The ladyslippers are either opening or opened. The yellow ladyslippers always catch people’s eye. They are certainly a favorite and the small ‘slippers’ are unique among flowers. We like them the best in the early morning when the dew is still on them. Sweet. What else is blooming? The azaleas are also blooming and gorgeous . Also the thalictrum and a large patch of senecio.
In the vegetable garden, the very last of the carrots were sown…just before the rain. Some winter squash and another planting of greens. The first crop of spinach will be harvested and frozen. Often we make several spanakopitas ( greek spinach pie made with feta cheese and phyllo dough) with the fresh spinach, save one for dinner, and freeze the rest. In mid winter it’s nice to reach into the deep freeze and pull out a greek pie all ready to bake.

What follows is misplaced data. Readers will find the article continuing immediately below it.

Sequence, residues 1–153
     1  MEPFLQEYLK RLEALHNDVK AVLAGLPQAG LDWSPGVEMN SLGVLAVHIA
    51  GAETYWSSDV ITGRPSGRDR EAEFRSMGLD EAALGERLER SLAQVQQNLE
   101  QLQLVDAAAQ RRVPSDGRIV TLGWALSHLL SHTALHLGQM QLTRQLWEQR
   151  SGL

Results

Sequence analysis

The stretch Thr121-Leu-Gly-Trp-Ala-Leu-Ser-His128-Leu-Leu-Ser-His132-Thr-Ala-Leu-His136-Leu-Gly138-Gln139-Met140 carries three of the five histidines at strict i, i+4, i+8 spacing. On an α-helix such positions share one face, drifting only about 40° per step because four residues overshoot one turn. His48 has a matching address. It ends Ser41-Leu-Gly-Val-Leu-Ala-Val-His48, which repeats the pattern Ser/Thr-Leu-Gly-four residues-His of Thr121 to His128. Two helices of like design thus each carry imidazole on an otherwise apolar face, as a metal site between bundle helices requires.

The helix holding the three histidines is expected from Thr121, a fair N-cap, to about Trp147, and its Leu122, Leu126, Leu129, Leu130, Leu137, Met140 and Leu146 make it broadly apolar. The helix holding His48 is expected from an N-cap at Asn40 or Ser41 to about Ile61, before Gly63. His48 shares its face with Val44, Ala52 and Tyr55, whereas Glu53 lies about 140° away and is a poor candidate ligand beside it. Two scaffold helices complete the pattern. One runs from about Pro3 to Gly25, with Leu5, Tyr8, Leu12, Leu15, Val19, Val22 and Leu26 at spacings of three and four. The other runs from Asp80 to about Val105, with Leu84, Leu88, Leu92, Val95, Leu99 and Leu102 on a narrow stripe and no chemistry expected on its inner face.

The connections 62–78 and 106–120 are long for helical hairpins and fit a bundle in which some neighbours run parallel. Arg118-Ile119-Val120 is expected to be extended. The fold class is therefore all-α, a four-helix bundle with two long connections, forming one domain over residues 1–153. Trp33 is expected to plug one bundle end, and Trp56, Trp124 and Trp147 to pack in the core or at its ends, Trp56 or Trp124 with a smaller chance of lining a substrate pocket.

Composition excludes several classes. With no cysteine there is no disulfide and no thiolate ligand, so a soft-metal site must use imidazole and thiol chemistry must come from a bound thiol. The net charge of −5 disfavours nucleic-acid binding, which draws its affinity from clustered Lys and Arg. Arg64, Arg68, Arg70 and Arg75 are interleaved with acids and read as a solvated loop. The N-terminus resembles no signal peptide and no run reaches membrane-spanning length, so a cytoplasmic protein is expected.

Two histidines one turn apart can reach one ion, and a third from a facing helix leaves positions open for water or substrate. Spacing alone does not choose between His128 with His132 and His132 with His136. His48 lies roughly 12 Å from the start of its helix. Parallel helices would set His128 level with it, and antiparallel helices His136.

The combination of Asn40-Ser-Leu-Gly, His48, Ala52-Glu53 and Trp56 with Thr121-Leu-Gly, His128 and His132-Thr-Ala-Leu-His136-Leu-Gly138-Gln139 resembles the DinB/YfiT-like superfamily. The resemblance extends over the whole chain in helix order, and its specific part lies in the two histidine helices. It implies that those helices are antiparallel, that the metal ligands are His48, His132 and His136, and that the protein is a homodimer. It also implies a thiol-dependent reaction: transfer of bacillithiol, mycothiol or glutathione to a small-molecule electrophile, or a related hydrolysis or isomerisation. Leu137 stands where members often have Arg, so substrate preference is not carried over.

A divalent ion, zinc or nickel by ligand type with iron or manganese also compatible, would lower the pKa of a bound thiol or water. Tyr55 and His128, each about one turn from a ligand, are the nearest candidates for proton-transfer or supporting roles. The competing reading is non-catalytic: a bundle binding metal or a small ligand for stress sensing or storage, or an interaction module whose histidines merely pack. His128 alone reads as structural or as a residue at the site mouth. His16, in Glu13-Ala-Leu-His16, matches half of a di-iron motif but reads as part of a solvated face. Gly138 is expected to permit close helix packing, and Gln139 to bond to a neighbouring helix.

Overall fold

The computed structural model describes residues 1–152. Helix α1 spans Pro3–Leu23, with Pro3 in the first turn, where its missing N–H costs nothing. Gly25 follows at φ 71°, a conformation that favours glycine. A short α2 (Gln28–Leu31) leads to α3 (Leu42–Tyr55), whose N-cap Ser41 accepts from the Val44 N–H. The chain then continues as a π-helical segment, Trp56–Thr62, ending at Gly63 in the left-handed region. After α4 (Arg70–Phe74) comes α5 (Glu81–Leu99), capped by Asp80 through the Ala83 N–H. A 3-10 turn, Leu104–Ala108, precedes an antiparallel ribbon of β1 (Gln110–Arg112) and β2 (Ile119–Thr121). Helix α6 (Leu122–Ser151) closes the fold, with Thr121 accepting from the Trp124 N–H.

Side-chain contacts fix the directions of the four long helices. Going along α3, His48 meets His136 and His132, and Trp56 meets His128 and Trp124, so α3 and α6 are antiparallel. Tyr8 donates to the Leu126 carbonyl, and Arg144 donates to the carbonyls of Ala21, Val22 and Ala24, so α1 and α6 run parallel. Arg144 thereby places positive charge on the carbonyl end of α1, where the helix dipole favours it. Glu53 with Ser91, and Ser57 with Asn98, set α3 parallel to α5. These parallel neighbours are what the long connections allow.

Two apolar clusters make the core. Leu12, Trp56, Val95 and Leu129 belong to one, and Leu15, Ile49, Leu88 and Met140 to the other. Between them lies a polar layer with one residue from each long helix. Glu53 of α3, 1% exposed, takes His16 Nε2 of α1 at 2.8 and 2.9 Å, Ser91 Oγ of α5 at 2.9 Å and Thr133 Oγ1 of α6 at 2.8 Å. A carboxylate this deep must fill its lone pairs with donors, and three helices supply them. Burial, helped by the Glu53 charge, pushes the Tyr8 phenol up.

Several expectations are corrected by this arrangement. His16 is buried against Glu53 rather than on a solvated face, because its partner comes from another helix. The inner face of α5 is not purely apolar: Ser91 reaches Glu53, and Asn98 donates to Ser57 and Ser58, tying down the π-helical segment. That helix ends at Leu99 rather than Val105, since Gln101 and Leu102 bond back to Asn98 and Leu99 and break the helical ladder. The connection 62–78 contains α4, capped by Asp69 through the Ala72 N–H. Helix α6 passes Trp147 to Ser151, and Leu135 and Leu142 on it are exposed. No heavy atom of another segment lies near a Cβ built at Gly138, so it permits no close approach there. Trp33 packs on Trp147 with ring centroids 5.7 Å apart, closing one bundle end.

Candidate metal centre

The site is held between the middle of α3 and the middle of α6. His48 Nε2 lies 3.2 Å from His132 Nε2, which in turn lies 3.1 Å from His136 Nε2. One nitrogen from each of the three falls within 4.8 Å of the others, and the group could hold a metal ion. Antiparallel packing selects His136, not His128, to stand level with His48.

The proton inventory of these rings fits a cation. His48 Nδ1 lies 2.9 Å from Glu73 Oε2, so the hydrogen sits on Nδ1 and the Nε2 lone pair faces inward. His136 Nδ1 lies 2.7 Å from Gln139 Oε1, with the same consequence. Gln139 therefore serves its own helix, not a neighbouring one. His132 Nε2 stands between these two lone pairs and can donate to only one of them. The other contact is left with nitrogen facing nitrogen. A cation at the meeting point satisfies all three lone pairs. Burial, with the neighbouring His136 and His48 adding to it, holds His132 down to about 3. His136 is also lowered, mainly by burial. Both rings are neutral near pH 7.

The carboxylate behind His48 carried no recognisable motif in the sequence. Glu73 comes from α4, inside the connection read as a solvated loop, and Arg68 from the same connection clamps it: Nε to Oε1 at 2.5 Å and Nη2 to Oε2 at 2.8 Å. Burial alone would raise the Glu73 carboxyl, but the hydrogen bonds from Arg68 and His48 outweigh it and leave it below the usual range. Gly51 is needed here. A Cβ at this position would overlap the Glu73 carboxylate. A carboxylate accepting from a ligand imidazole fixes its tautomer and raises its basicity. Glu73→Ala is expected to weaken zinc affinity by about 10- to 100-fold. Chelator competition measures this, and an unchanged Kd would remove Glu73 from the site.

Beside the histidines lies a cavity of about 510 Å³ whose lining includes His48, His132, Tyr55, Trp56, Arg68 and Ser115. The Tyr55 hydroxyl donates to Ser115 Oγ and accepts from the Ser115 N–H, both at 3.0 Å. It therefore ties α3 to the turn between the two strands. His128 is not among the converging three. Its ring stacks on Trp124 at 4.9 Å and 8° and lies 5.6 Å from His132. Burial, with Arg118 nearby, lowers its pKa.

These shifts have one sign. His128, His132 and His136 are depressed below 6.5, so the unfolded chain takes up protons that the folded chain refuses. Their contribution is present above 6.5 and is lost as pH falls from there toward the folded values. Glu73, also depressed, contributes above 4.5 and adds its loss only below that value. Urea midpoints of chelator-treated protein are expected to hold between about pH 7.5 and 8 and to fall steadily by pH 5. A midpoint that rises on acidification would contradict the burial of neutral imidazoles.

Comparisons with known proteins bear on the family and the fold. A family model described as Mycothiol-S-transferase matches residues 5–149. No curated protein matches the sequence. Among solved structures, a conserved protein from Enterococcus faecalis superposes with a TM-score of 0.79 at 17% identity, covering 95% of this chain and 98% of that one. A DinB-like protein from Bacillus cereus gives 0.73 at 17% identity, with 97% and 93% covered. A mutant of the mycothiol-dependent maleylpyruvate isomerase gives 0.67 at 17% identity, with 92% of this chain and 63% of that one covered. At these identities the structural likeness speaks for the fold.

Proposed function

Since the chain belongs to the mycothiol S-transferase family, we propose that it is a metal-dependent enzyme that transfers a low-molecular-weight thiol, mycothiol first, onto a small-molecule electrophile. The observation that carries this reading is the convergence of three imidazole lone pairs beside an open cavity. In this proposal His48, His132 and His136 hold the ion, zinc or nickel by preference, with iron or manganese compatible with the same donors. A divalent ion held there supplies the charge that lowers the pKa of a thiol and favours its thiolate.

The broccoli is beginning to form heads and the tatsoi and pak choi need picking before they bolt. In some ways it has been a late spring and the coolness has prolonged the growth of some things….tomatoes and peppers would appreciate a little more heat and a little more sun. In the meantime, we are happy for the things that enjoy the cooler temperatures and we will have to wait for the rest.
One last photo of those wonderful primula that continue to be a showstopper in the bed along the drive. This one taken looking directly down onto the flower……such great patterns in nature!
These Primula japonica keep company with an assortment of marsh marigold, here in a wet ditch that runs along the driveway. They are just beginning to open up and bring a wonderful splash of color to that area of our display beds. Many of our visitors who have wet areas ( often an unsightly ditch that is hard to plant), comment on how these primulas help naturalize those hard spots. If you visit the nursery, you’ll find some other examples for planting in moist to wet areas. As always, we thoroughly enjoy each new plant that comes into its own as the season progresses.